David Shafer’s Whiskey Tango Foxtrot is a novel that evokes only one reaction: it’s title. It cycles through both negative and positive connotations, but by the end of the book, I continued to think: WTF???
Whiskey Tango Foxtrot tells the intertwining stories of Leila, an NGO worker who is recruiting young women in Myanmar for a nursing program in the US; Leo, a paranoid alcoholic and drug addict who loses his job as a pre-school teacher and is sent to a swanky and suspicious rehab facility by his sisters for his blogging about a conspiracy around the Committee stealing our personal information; and Mark, a self-help hack who wrote something inspired once in a drug and alcohol fueled haze and who has become the puppet face of the Committee, a cabal of industrialists and media barons intent on doing exactly what Leo fears. When Leila sees too much in Myanmar and starts snooping, the Committee retaliates against her family, sending her looking for help from Dear Diary, an underground opposition group looking to take down the Committee and protect our private information through guerrilla tactics, secret hideouts, and a weird eye test that assigns you a number. As Leila tries to save her family, Leo and Mark come careening into her path, all of them trying to figure out their place in this new world threatening to take over.
The book is told from four perspectives: Leila, Leo, Mark, and Ned, a CIA-type analyst who pops in for a few chapters. I really like Leila’s story arc. It’s an exciting, compelling, creative, heartfelt whirlwind of a ride. Her interactions with her siblings are particularly affecting and real; the sibling relationships feel familiar not forced. I wanted the entire book to be from her point of view. Or Ned’s. I liked Ned. It’s a shame he only told the story for a couple of chapters. On the other hand, it took me 200 pages to figure out why I should care about Leo and a few dozen (or a hundred) more to figure out why I should care about Mark. Leo, at least, grows on you. Good at heart, he’s just lost control of his life, but he is an intelligent, passionate, and caring person intent on doing good, and by the end, I really enjoyed him as a narrator. Like Leo, Mark is lost and struggling with his addictions. Unlike Leo, Mark just comes across as completely pathetic and lame until about the last 60 pages or so. Shafer tries to create sympathy for Mark by having him emotionally struggle with the fact that he’s a greedy sell-out and glutton for fame who let his nugget of a good idea be corporatized and wrapped up into a shiny, marketable package that no where resembled his original essay. However, Mark goes through the same guilt every chapter with no discernible decision to change. And, again, it took me way too long to understand why I had to put up with his moral and ethical vacillating.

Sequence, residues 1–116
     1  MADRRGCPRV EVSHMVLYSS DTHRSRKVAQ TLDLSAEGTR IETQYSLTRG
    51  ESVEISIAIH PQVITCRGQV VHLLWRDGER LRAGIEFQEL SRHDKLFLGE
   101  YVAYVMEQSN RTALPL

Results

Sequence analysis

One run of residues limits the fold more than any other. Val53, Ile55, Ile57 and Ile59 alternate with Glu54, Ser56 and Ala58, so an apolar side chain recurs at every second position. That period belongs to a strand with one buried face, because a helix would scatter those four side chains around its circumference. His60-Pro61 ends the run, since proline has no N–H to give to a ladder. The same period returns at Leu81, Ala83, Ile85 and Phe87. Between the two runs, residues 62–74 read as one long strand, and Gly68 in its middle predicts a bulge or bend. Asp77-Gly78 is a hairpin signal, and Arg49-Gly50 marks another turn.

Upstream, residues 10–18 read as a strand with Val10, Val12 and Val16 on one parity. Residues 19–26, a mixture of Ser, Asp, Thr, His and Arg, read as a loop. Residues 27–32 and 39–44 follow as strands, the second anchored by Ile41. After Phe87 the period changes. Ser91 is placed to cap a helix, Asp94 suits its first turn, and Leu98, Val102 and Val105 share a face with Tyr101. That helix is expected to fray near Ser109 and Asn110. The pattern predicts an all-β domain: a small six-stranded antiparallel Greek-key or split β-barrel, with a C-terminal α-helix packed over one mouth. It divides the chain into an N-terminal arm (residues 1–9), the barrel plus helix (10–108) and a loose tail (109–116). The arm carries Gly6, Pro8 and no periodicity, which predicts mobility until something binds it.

Another small problem I had with the book was some of Shafer’s language, particularly his weird quasi-slang. “Deffo” for “definitely” is the one that sticks out most in my memory. My friend Katie argued that the dweeby slang was primarily used by Mark and was consistent with this character he’s created as he’s bluffing his way through his new world of fame and self-help speaking engagements. Here’s the thing, though: it’s not consistent enough. For such slang to work, you have to commit and really go for full slang usage, peppering it throughout the entire novel. Instead, it is used just enough that I can’t quite tell if it is a character choice or if Shafer really thinks that this is the cool slang the kids use these days and wants to be hip.
The core plot is fantastic, though, as exciting as any high quality Bond film (or spy caper of your preference), and it deals with very real, current themes of information control, sharing, and privacy in an entertaining and focused away. Spanning the globe from Myanmar to Dublin, Portland, and the northern Pacific, the action zooms every which way, picking up and dropping off characters with increasingly zany names (Seymour Butz, Paige Turner, Nicotine Lozenge), and culminating in a thrilling climax full of suspense, intrigue, and even a big chase…
…and then it just ends! The book ends on a giant WTF!!! WHAT HAPPENS??? WTF???? But you know what? Despite my roller coaster of emotions about Whiskey Tango Foxtrot, I’m hooked. I totally want to read the sequel. Because there has to be one, right? Right?? So I guess Shafer knows what he’s doing after all.